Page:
Do you version Power Platform solutions before deploying?

Last updated by Piers Sinclair [SSW] 12 months ago.See history

If you're not versioning Power Platform Apps before each deployment, you could be setting yourself up for a world of confusion. A lack of versioning can lead to difficulties in tracking changes, resolving issues, and managing the development lifecycle.

The solution is straightforward: Add a version to your Power Platform Apps before every deploy. This way, you can keep track of what functionality is contained in a particular solution release.

The Version Format

It's not enough to simply add a version number; the format of the version number is equally crucial. We recommend using the format Year.Month.Day.Iteration because it helps to accurately track the release, providing a chronological snapshot of the deployment history.

For example, if you're deploying the second iteration of a solution on the 31st of May 2023, the version number would be 2023.05.31.02. This format immediately communicates when the version was deployed and how many iterations were released on the same day.

The Description

Adding a comment to the description with the version number, the author, and a short description provides additional context for each version. This practice aids in communication among team members and serves as a reference point for future troubleshooting or development work.

An example of a good description would be: Version 2023.05.31.02 - John Doe - Added new form validation rules. This description provides clear information about the version number, who made the changes, and a brief summary of what those changes were.

Practical Examples

Let's consider two scenarios - one following these rules, and one not.

Bob is a Power Platform developer. He makes changes to a Power App and deploys it without adding a version number or updating the description. A week later, a user reports an issue that emerged after Bob's changes. However, Bob can't remember exactly what changes he made, and without a version number or updated description, it's difficult for him and his team to trace back the changes and fix the issue.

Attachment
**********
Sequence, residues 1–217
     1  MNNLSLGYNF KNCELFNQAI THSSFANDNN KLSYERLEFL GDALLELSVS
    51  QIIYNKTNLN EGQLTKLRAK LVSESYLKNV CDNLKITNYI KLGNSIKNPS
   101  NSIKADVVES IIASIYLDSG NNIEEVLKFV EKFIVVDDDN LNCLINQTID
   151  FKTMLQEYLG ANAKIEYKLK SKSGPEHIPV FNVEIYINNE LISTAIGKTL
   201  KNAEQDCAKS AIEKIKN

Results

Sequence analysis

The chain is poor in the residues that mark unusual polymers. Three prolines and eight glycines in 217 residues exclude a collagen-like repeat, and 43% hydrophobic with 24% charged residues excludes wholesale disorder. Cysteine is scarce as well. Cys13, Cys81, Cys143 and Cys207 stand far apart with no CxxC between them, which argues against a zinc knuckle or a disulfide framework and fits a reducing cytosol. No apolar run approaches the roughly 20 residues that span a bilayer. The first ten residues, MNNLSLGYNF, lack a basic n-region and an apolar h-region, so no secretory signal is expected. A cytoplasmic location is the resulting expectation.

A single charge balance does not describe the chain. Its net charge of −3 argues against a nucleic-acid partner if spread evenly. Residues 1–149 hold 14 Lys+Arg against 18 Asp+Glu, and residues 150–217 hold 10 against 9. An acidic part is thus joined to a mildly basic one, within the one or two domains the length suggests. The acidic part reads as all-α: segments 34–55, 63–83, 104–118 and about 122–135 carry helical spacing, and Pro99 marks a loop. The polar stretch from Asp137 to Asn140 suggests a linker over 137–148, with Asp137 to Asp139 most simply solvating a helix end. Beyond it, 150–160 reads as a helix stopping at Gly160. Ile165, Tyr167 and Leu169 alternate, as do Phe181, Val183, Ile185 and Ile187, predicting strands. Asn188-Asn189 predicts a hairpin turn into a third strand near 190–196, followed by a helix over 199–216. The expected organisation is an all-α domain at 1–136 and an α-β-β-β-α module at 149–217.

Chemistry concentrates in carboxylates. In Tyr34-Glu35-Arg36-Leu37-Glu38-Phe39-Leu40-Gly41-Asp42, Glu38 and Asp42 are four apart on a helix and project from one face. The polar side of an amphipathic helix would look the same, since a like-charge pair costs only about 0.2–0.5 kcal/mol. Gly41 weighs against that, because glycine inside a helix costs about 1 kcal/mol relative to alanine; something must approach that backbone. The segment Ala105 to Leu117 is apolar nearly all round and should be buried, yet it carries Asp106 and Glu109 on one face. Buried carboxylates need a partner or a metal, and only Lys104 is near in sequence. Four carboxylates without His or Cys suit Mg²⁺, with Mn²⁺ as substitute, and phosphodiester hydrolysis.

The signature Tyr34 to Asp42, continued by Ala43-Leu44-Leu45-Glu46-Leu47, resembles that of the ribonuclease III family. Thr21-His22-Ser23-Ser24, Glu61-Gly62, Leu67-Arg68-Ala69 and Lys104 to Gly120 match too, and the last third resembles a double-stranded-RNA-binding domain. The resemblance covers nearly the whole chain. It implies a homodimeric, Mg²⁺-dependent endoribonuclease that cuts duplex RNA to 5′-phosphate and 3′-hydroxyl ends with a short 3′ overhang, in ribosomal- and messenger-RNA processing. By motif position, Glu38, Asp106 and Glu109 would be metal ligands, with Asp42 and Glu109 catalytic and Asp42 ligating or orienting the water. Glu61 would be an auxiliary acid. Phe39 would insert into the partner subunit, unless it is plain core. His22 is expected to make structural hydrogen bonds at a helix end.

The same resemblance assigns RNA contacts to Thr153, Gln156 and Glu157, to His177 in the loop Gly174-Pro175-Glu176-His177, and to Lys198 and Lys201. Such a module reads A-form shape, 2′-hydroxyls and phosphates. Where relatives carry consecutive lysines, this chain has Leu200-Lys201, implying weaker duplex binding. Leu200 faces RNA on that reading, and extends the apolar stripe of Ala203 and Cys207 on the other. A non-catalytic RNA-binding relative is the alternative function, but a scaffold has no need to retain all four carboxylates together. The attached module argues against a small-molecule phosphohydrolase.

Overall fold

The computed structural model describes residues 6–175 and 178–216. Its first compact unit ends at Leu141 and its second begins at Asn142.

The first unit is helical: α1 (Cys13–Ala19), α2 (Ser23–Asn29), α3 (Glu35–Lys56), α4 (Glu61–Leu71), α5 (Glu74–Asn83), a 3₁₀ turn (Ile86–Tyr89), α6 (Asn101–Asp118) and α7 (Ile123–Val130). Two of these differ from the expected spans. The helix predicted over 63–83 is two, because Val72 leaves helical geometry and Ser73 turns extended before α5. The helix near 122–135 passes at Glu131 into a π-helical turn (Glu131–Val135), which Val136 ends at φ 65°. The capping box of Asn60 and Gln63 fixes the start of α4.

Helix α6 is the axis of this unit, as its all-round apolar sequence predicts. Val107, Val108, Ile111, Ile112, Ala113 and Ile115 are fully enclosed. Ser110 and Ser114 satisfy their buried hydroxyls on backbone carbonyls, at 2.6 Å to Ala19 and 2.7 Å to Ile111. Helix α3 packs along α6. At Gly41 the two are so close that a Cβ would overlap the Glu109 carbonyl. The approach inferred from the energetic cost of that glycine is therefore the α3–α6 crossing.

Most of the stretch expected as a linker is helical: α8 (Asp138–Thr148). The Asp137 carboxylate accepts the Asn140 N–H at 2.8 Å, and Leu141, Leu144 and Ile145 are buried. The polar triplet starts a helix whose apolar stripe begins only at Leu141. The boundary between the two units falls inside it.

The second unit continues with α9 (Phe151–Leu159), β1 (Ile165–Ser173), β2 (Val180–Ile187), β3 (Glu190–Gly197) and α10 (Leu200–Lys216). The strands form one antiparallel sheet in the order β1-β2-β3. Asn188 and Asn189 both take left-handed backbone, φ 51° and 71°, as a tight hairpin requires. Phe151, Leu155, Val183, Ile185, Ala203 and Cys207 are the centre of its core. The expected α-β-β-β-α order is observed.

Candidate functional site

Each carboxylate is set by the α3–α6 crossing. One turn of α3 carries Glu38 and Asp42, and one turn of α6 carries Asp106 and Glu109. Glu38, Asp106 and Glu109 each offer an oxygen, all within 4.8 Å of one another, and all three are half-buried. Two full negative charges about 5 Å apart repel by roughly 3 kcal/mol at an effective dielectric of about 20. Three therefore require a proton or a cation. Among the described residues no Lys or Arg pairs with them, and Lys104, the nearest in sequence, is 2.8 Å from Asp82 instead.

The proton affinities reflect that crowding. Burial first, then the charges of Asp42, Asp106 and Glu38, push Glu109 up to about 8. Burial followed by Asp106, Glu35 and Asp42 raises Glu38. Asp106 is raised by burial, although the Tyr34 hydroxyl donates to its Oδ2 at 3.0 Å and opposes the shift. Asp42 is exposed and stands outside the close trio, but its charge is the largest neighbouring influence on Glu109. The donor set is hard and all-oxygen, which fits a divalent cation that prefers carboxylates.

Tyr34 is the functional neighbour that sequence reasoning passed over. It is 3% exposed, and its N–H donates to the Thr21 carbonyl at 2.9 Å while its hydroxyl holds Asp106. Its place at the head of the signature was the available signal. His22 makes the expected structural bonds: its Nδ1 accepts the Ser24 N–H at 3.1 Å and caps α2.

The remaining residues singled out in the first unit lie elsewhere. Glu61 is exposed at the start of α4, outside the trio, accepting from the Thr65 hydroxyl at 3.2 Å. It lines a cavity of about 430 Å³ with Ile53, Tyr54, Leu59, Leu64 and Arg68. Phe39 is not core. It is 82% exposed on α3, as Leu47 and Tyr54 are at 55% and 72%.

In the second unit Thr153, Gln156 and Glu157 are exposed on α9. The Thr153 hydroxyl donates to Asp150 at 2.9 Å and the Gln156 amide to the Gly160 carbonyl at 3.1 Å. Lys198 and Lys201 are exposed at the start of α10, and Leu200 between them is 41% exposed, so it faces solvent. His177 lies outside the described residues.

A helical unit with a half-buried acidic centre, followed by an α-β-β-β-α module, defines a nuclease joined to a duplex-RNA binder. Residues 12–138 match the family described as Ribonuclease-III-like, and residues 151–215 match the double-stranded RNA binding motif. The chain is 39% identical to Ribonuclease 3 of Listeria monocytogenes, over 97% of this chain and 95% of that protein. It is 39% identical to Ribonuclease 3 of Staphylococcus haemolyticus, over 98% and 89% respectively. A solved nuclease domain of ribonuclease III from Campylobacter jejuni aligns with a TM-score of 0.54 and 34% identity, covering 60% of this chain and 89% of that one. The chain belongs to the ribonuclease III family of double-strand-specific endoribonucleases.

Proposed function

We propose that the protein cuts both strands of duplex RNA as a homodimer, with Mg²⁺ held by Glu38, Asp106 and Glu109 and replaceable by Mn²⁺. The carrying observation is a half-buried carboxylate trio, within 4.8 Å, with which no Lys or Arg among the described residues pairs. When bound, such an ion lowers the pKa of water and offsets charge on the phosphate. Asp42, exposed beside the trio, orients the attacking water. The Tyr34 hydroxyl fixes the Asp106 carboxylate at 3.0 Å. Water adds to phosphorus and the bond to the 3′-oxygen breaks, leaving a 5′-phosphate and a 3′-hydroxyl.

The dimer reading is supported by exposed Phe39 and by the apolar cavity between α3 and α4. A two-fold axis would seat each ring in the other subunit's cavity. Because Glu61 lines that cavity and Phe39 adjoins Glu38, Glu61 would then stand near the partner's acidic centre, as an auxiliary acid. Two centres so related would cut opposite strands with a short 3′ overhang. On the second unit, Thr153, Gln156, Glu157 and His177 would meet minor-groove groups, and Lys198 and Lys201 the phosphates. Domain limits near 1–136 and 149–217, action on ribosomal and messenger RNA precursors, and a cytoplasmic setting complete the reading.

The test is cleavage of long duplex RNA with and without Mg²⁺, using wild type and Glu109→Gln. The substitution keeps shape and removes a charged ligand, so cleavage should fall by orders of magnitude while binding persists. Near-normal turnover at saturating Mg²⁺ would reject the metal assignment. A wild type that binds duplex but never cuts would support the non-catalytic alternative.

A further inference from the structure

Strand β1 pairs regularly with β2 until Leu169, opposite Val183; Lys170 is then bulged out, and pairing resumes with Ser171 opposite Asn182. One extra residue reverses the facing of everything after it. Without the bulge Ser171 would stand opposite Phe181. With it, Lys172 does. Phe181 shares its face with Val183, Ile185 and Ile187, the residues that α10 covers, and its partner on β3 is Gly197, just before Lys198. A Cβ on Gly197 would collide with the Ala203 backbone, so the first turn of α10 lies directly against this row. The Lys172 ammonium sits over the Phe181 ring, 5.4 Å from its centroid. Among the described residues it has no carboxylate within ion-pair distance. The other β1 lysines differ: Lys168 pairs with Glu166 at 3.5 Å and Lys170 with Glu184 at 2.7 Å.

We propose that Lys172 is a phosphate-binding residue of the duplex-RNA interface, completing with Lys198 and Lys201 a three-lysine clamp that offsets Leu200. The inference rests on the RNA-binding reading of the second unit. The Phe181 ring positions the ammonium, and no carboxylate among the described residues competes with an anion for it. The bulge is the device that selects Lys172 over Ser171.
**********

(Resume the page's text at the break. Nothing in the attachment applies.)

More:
Figure: Bad example - Bob didn't use a version number and it came back to bite him

Alice also works as a Power Platform developer. When she makes changes to a Power App, she adds a version number following the Year.Month.Day.Iteration format before deploying. She also updates the description with the version number, her name, and a summary of the changes. When a user reports an issue related to her changes, Alice and her team can easily trace back to the version that caused the problem. They can quickly understand what changes were made and by whom, enabling them to efficiently resolve the issue.

Figure: Good example - Alice versioned her solution nicely and she was able to resolve reported issues quickly and easily

In conclusion, consistently versioning your Power Platform solutions before deploying, using a clear and informative format, and updating the description with relevant details will significantly improve your change management, issue resolution, and overall development process. Remember that good practices today save troubleshooting time tomorrow.

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